The medical staff at the hospital would be able to track the location of the autonomous vehicle and communicate with the passenger if they are still conscious and coherent. If the passenger is coherent and communicative, they can even be instructed what to do as the autonomous vehicle drives them to the hospital.

Upon the vehicle’s arrival the hospital at a dedicated emergency autonomous vehicle drop-off and pickup zone, medical staff would be there waiting to take care of the passenger.

This is the future. A future with autonomous vehicles will save lives, improve mobility and lower the risk of dying while driving due to a medical emergency.

An Autonomous Vehicle Could Save Your Life is an article written by Brulte & Company Co-Founder and Co-Chair of the City of Beverly Hills Mayor’s Autonomous Vehicle Task Force Grayson Brulte and Dr. Peter D. Weiss, M.D. F.A.C.O.G, Co-Founder of Rodeo Drive Women’s Health Clinic and a former National Health Care Advisor to Senator John McCain’s Presidential Campaign in 2008 and Dr. Ben Carson’s Presidential Campaign in 2016.

Reputation Versus Expectations in the Autonomous Vehicle Industry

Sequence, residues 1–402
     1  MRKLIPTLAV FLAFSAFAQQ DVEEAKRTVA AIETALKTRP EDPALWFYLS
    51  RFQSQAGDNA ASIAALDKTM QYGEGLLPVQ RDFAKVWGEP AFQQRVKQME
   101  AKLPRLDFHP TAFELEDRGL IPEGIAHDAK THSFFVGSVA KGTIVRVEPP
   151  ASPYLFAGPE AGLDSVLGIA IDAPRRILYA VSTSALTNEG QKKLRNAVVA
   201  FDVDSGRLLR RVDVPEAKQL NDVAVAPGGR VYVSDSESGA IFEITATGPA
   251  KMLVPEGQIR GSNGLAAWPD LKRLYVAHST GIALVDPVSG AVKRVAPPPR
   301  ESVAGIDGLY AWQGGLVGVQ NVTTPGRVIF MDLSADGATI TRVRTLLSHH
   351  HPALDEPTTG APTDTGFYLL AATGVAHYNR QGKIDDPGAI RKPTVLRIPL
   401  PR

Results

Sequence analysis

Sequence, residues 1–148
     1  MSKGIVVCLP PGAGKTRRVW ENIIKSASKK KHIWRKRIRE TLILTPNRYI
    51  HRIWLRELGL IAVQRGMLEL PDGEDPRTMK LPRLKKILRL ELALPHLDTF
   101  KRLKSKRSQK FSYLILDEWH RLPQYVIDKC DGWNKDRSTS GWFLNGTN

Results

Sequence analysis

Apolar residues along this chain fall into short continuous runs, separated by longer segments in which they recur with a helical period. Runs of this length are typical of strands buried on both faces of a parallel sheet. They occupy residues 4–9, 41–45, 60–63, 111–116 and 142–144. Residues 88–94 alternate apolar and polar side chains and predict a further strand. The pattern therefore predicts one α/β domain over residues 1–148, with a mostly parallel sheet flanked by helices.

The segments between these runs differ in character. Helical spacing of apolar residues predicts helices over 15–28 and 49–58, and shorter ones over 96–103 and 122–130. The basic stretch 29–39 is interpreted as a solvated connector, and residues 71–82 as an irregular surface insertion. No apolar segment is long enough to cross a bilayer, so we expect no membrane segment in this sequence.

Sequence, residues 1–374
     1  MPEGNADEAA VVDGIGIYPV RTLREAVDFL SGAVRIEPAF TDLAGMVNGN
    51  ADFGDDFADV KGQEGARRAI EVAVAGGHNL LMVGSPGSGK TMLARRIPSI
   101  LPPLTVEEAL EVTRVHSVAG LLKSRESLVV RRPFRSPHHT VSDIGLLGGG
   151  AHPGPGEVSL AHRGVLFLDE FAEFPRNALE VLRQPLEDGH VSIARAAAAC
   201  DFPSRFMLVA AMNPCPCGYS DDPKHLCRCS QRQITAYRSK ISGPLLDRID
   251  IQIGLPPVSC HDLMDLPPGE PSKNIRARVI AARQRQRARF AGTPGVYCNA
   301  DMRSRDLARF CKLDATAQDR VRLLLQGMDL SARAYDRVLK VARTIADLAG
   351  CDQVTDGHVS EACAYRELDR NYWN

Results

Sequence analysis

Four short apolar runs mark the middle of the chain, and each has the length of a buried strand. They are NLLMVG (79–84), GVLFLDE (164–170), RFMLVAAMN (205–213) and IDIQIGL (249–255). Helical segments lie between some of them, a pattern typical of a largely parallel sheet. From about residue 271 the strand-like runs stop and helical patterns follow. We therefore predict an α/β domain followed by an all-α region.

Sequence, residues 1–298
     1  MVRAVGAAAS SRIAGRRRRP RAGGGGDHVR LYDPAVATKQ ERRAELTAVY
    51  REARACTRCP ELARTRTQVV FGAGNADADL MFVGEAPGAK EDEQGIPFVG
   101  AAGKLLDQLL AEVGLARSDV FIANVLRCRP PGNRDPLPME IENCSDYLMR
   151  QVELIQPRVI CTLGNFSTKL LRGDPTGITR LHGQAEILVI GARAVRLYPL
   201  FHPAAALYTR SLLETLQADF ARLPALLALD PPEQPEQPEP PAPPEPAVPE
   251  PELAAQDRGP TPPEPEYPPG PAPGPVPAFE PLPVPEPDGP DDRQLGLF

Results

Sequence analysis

The severity of reputation crises is inversely proportional to the expectations stakeholders have about the organization or individual in crisis.

One of many reasons for close integration of crisis preparedness and operational planning is that as soon as you have made any significant operational decision, each impacted stakeholder – internal and external – is poised to have their expectations set. First by you, and thereafter by a growing number of mentions in traditional and social media and even mundane offline word-of-mouth. If something about your product or services fails to meet those expectations, dismay ensues – and the bigger the gap between expectations and reality, the greater the distress.

Ironically, this tenet regarding expectations disproportionately favors those whose reputations are not stellar to begin with.

Take the tobacco industry. Or Big Pharma. No one expects much from them as consumers other than the substances needed to feed tobacco addictions or the pills that can allegedly fix all our woes. No one is surprised or shocked when someone dies from cigarette smoke, even if a remarkably rare lawsuit is filed. Likewise, few are surprised when a medication is belatedly proved to be unsafe, even if they do get angry over it, because of the pre-existing poor reputation of the overall industry with regard to consumer safety.